Prophets and Cognitive Dissonance

Consider everyone throughout history and around the world who have claimed to be prophets but weren’t/aren’t accepted by traditional Christians: Joseph Smith of the Latter-Day Saints, Muhammad of Islam, the Dali Lama of Buddhism, L. Ron Hubbard of Scientology, David Koresh, Jim Jones, Sun Myung Moon, etc., etc., etc.

Why do Christians discredit these false prophets? Is it just because they weren’t mentioned in the Bible? Yes and no. “Yes” because if they had been mentioned in the Bible then Christians would believe in them. “No” because they all fail the test of reason. Christians understand that common sense tells you their stories were fabricated.

Their stories are so transparent that it only takes a semi-conscious half moment of thought to size them up and dismiss them for the fantasies they are. But let’s take a look at them again anyway. Consider what all the false prophets have in common. They each made outrageous claims about being specifically chosen by God to deliver a special message from God to humans (which conveniently always resulted in the prophet receiving copious amounts of adoration, and/or power, wealth, and sex). Furthermore, most of them claim to have been literally visited by magical beings, witnessed magical events and were usually given some sort of magical power.

In short, all the prophets’ stories are scientifically impossible based on what we know about how the universe operates. It’s obvious God didn’t give Joseph Smith magical golden plates. It’s obvious an angel riding a flying horse didn’t reveal Himself to Muhammad. It’s obvious the Dali Lama wasn’t reincarnated. It’s obvious L. Ron Hubbard was a science fiction writer desperate for a pay check who wrote the most profitable fantasy story he could think of. Why is it obvious? Because God told us? No. Atheist and Christians alike all over the world have figured out that those stories are bullshit because we put them to the test of reason and evidence, and when we did that it took us about two seconds to find those stories lacking.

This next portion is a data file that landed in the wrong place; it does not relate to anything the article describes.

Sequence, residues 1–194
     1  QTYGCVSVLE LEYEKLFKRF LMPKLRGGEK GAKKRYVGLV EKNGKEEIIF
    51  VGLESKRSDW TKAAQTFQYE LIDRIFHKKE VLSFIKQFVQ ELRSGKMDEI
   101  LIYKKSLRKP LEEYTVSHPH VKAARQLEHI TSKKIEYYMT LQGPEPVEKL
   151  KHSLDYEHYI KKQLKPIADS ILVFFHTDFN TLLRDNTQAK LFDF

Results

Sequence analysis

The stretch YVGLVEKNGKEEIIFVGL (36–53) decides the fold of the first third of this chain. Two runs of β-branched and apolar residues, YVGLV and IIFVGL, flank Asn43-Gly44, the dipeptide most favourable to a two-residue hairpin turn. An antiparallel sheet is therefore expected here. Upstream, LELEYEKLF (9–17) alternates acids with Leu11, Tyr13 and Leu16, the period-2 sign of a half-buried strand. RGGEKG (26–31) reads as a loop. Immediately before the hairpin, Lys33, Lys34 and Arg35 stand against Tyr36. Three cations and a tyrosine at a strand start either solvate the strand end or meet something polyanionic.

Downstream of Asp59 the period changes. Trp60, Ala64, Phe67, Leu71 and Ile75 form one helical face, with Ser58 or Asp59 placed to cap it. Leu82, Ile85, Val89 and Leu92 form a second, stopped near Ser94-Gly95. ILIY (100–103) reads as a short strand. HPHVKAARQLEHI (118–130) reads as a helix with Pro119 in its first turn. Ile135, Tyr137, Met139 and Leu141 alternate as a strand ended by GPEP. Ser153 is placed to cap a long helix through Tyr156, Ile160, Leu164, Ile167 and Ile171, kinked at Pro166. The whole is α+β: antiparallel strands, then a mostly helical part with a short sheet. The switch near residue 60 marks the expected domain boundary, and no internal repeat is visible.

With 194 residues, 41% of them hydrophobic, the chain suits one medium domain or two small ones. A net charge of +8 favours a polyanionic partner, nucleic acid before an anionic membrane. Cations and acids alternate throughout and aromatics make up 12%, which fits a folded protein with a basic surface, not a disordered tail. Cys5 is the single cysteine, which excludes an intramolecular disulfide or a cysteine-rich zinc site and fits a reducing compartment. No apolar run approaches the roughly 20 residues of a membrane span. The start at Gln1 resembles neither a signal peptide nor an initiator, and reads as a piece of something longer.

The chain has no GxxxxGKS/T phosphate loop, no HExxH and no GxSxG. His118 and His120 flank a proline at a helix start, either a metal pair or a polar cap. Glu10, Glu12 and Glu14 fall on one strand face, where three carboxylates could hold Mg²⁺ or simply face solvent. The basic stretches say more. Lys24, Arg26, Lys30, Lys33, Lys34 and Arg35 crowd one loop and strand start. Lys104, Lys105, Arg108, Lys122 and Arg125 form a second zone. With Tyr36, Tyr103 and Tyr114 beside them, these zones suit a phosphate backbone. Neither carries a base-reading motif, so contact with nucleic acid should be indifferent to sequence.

We know these things to be true, and yet when Christians look at their own religion they don’t practice what they preach. Take the apostle, Paul for example. Paul saw God on a journey from one place to another just like Muhammad. Afterwards magical scales formed on his eyes until he made it to the end of his journey where they were miraculously removed. Afterwards he was imbued with the authority of God, and angels helped him along his way. God even caused an earthquake to get him out of prison.

The double standard is obvious. Paul’s story is full of magical events that are impossible. Not only that, but his message is full of the same kind of culturally relative social standards that betray the humanity of other false prophets. God may be unknowable, but common sense tells us that the creator of the universe would never command us to kill the infidels any more than he would tell us that women aren’t allowed to speak in church or wear jewelry.

The case becomes even worse when we apply Christian standards of prophet-judgment to Jesus. Think about it. We can’t prove that anything Jesus did actually happened. We can’t even prove Jesus actually existed. Based on what we know about how the universe operates we know that all the magical events that supposedly happened to and around Jesus couldn’t have happened, and even though there was some wisdom in the words attributed to Jesus he also promoted a lot of culturally relative social standards as well. What if Muhammad approved of slavery? Wouldn’t that betray the fact that he doesn’t speak for God? Well, Jesus approved of slavery. What if Muhammad started out his career as a prophet advocating racism and then halfway through his career said, “Wait a minute. Maybe racism is stupid.” Would anyone believe that God’s only prophet would be so daft? Well, that’s what Jesus did with the gentiles.

Even if you have faith in Paul and Jesus, you have to admit that believing in their stories doesn’t just require having passive faith that improvable events happened but requires you to actively believe in events that contradict reason and evidence. Not only that, but in order to believe those implausible stories and nobody else’s you have to exercise and even celebrate cognitive dissonance. To put it bluntly, you have to be an ignorant, close minded hypocrite. I’m sorry, but it’s true.

Again, I don’t say this because I want to bash Christians. I want to point out that the Bible obviously isn’t the word of God so you can stop worrying about it. Do something enjoyable and productive with your life instead of prostrating yourself before the contradictory and oppressive dogma of a couple of manipulative megalomaniacs from a foreign culture who have been dead and gone for thousands of years.

Originally published at thewisesloth.com on December 19, 2009.

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